Boston Bombing Changes Lawmakers’ Views on Drone Killings of Americans on U.S. Soil:After Boston, lawmakers see case for use of drones to kill Americans
By JASON KOEBLER
April 23, 2013
In the aftermath of the Boston bombing standoff that ended last Friday, lawmakers have changed their tune on whether a drone should ever be used to target an American citizen on U.S. soil.
The use of drones to kill American citizens is not “inherently illegal,” as long as that citizen is a “combatant,” a constitutional expert told a Senate panel considering the implications of targeted killings Tuesday.
“I think it’s not inherently illegal to target American citizens so long as American citizens are also combatants in a relevant war. Sometimes U.S. citizens can be classified as enemy combatants” Ilya Somin, a law professor at George Mason University School of Law, told the Senate Judiciary subcommittee on the Constitution, Civil Rights and Human Rights.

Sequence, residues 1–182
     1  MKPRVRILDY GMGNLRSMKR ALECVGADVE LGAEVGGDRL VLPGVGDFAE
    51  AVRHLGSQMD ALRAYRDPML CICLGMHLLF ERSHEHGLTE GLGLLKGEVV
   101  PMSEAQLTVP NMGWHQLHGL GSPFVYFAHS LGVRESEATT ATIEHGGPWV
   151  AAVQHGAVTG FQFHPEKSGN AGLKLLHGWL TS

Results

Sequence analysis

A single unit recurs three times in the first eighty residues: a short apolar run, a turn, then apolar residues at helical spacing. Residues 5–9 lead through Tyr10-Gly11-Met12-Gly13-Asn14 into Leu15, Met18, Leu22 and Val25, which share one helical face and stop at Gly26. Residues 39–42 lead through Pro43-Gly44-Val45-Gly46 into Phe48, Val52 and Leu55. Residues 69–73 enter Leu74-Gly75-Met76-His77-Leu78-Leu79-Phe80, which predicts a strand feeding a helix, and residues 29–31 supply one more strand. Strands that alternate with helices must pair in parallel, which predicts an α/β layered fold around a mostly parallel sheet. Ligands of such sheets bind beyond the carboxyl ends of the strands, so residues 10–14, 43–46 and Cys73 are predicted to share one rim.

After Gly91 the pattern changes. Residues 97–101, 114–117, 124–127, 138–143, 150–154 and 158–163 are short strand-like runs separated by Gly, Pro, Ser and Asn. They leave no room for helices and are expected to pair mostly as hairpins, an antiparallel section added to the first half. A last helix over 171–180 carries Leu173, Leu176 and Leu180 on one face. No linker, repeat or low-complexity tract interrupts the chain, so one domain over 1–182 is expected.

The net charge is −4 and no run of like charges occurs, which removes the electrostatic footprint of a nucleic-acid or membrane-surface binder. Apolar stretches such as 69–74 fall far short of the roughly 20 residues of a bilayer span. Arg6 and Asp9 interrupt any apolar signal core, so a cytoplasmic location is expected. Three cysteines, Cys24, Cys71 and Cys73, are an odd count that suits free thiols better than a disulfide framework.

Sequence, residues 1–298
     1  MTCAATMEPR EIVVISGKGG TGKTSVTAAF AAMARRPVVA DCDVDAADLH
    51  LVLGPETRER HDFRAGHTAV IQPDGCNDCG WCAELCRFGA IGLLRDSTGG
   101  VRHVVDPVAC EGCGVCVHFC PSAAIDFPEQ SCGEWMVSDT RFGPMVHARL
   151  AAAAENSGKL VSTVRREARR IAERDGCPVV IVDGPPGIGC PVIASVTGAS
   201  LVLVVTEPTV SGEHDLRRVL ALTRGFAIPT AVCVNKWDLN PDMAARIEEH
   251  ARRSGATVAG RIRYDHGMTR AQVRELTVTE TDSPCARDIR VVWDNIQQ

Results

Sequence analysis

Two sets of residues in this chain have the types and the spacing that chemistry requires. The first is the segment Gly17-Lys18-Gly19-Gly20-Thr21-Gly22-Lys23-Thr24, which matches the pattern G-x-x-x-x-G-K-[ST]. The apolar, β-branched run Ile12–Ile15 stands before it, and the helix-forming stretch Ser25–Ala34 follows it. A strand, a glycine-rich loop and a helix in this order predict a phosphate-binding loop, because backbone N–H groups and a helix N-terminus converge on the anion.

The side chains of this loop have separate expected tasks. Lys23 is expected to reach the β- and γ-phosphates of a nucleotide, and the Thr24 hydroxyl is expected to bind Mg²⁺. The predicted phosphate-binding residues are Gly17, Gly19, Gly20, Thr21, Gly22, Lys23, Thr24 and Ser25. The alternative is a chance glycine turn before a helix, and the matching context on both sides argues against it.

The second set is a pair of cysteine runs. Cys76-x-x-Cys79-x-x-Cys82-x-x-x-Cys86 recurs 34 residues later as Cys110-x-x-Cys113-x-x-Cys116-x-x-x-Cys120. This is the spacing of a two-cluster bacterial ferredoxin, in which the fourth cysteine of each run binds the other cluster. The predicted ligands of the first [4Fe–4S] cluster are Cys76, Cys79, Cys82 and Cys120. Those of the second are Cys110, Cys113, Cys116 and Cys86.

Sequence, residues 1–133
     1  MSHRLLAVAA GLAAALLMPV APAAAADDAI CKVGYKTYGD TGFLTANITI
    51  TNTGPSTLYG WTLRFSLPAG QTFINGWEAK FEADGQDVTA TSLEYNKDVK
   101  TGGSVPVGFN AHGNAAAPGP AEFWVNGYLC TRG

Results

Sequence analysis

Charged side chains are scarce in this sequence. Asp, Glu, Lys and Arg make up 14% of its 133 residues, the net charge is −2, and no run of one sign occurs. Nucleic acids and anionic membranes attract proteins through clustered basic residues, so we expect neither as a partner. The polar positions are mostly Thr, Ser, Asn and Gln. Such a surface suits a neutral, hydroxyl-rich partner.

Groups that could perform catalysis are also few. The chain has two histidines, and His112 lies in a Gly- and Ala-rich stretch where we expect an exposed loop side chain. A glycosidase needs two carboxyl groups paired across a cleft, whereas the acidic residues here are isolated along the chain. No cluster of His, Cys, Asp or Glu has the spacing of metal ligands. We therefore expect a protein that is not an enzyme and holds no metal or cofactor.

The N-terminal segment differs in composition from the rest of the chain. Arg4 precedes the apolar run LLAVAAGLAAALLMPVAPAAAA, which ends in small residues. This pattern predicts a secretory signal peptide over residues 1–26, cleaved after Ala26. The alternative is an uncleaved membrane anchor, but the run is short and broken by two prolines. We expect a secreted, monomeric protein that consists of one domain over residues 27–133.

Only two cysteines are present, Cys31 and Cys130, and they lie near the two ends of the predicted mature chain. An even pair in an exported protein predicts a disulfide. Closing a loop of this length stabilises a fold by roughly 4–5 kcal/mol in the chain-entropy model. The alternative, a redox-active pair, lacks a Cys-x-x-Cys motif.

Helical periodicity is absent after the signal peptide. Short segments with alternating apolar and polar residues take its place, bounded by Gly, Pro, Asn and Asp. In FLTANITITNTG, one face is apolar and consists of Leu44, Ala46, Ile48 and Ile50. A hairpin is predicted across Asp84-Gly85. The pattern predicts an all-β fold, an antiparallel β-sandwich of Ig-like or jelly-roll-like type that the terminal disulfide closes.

“It’s not important [what technology we're using], what matters is we’re choosing the right target,” he said. “If we’re choosing the right target then we should use the appropriate weapons, we’d be wrong to ban specific technology.”
That question has become increasingly important as senators such as Ted Cruz and Rand Paul consider the possibility of American citizens being targeted by drones on U.S. soil. In September, 2011, suspected Al-Qaeda operative and U.S. citizen Anwar al-Awlaki was killed by a U.S. drone strike in Yemen.